British billionaire Sir Richard Branson’s rocket company Virgin Orbit has filed for bankruptcy in the United States after failing to secure new investments.
The satellite launch company ceased operations a few weeks ago but hopes to find a buyer for the acquisition.
The California-based company announced last week that it would lay off 85% of its 750 employees.
Earlier this year, a Virgin Orbit rocket failed to complete its first-ever satellite launch from mainland Britain.
Virgin Orbit boss Dan Hart said the company had made a “huge effort” to clean up its finances and secure more money, but that it “ultimately does what’s best for the company.” I have to,” he said.
Virgin Orbit said it will now focus on finding a buyer for the acquisition “to provide clear information to customers, suppliers and employees about the future of the business.”
Founded in 2017, Virgin Orbit is a spin-off from Sir Richard’s space company Virgin Galactic.
Launched a rocket beneath a modified Boeing 747 aircraft to send a satellite into space.
But the first attempt to launch a satellite from Britain in January failed when the rocket’s fuel filter came off and overheated one of its engines.
Launched from Spaceport Cornwall near Newquay, the mission was billed as a milestone in British space exploration. From building satellites to building rockets to building new spaceports, it was expected to go a long way in making Britain a global player.
Virgin Orbit, which is largely owned by Virgin Group, sought new funding after shutting down operations last month to save money after a failed British rocket.
The company, which will list on New York’s Nasdaq index in 2021, had $153.5 million (£123 million) in debt as of September last year.
On Tuesday, the company announced that Virgin Investments, part of Virgin Group, will provide $31.6 million in new funding to help Virgin Orbit find a buyer. It has filed for Chapter 11 bankruptcy protection in the United States. This allows you to keep your business running and solve your financial problems while protecting from indebt creditors.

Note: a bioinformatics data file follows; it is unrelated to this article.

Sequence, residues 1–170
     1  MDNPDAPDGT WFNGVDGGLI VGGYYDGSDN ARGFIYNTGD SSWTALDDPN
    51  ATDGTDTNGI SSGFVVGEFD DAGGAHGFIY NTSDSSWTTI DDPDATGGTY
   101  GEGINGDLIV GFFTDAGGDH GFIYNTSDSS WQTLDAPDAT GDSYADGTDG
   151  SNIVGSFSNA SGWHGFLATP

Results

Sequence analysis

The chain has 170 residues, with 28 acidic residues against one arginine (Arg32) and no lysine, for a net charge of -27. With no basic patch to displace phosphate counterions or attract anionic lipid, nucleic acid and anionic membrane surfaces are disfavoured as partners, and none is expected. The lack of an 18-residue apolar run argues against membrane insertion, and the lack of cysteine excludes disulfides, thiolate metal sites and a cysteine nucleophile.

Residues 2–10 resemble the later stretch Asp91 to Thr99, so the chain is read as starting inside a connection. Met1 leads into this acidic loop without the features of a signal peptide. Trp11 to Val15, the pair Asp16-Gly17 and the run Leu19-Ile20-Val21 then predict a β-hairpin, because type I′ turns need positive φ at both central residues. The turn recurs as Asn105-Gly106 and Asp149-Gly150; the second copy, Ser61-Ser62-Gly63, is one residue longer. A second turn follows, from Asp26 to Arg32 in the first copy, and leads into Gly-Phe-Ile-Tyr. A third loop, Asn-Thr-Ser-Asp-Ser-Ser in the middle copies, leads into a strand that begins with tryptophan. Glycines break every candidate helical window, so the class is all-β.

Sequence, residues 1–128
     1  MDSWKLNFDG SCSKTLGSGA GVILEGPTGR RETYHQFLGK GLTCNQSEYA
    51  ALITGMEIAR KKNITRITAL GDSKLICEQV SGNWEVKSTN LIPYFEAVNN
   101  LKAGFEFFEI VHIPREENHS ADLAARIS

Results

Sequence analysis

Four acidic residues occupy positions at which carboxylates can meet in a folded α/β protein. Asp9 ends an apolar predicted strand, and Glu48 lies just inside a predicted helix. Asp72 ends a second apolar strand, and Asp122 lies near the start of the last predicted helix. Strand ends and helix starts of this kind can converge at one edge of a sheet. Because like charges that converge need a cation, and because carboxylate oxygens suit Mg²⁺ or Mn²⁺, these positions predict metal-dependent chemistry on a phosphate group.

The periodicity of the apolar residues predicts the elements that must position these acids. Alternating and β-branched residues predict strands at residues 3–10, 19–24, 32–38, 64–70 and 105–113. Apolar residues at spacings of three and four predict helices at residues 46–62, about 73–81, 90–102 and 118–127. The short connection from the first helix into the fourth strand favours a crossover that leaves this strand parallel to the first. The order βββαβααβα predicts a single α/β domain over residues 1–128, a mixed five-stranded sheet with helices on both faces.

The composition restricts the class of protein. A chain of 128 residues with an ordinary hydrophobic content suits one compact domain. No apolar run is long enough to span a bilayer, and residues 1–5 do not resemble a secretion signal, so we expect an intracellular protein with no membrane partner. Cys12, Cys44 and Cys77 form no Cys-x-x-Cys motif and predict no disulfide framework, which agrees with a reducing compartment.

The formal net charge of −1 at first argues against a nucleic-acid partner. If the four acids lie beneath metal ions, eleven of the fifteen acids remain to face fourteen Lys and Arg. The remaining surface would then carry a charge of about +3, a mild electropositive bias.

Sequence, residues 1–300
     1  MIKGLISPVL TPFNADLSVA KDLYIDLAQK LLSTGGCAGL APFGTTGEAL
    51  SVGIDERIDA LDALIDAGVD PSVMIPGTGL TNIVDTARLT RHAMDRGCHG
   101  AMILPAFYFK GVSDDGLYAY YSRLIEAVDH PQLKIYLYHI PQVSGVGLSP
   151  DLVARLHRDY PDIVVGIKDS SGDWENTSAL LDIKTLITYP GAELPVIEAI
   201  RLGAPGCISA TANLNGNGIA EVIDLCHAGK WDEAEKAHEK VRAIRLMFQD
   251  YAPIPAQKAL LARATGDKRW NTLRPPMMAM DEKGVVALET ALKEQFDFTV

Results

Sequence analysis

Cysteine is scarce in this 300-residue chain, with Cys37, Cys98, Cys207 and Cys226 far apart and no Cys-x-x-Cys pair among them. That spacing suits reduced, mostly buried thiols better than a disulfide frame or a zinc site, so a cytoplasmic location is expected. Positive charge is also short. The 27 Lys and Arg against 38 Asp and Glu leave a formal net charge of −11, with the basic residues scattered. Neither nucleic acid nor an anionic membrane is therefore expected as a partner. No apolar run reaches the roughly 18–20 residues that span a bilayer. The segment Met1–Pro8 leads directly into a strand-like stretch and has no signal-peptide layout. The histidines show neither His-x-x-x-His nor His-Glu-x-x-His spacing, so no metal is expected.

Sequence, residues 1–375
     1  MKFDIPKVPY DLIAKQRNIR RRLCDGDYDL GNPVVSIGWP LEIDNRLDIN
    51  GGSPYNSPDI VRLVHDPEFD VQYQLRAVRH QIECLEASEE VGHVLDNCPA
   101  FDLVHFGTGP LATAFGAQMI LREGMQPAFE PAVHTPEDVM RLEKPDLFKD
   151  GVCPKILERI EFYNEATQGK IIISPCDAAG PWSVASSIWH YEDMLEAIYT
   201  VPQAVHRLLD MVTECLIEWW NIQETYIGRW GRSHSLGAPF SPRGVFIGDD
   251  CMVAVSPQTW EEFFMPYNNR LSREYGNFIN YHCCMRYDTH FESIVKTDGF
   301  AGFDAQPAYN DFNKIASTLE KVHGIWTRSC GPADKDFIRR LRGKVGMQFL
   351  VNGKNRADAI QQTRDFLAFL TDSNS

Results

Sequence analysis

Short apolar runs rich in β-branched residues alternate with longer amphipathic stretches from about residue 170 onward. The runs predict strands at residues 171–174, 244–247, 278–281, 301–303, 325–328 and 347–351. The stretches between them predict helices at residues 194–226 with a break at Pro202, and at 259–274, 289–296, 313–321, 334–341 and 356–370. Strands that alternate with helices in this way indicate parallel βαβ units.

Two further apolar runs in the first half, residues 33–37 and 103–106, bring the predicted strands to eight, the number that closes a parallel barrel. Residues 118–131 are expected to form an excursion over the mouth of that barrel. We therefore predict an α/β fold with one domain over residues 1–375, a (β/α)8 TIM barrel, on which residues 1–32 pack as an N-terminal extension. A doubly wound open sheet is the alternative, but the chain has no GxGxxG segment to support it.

Spaceport Cornwall director Melissa Quinn said the news about Virgin Orbit was “very sad,” but said the site “remains focused on promoting the international space industry.”
She said it is the only licensed spaceport in the UK, has multiple users and works with other launch operators such as US company Sierra Space.
A good number of space companies have passed Chapter 11, have new owners a few months later, are debt free and have a healthy supply of investment capital to kickstart their business. Look no further than London-based OneWeb, which has just completed a broadband internet constellation in the sky. But who would step forward to buy a rocket deal? There are dozens, if not hundreds, of similar companies developing small rockets around the world.
If he can claim one of the key differentiators for Sir Richard Branson’s company, it should be responsiveness. That is, Jumbo can take off instantly from anywhere using his jet platform. This applies to the military, for example. However, the company found it very difficult to launch just twice last year. Therefore, any prospective new owner will want to know that a high rhythm launch can be achieved.
Hart said he is confident the company will have “great appeal” for new owners because his team has developed “state-of-the-art launch technology” despite financial difficulties.
But Danni Hewson, head of financial analysis at investment firm AJ Bell, said the company’s failed launch mission from the UK “wasn’t the best publicity” for its technology. “The collapse of Virgin Orbit is also not the best way to promote space investment issues,” she added. “The industry may have great potential at some point in the unknown future, but investors who try to reach for the star have just burned their fingers.”
The UK space agency said it had worked with Virgin Orbit “for many years” but said their problem was a “commercial deal” for the company. He added that the UK space sector is “thriving”, with revenues of £17.5bn a year. Sir Richard is one of a very small group of billionaires who have expanded their business empires by launching satellites and attempting to pioneer commercial space travel.
Others include online retailer Amazon founder Jeff Bezos, who founded the space company Blue Origin, and his Twitter and Tesla owner Elon Musk, who founded SpaceX.
Sir Richard and Virgin Group have invested more than $1 billion in the company to launch satellites via Virgin Orbit, but they are repurposed to allow tourists to make short trips into outer space. We are also working on the development of a possible “space plane”.
Virgin Galactic has started selling his $250,000 worth of tickets for these trips, with celebrities such as pop star Justin Bieber signing up.
But major players in the ‘billionaire space race’ have been criticised for providing pleasure rides for the ultra-wealthy at a time when countries around the world are grappling with climate change.
But Bezos insists his own space exploration is part of an environmental mission to “put all the heavy industries, all the polluting industries into space, and preserve Earth as the jewel of this beautiful planet.”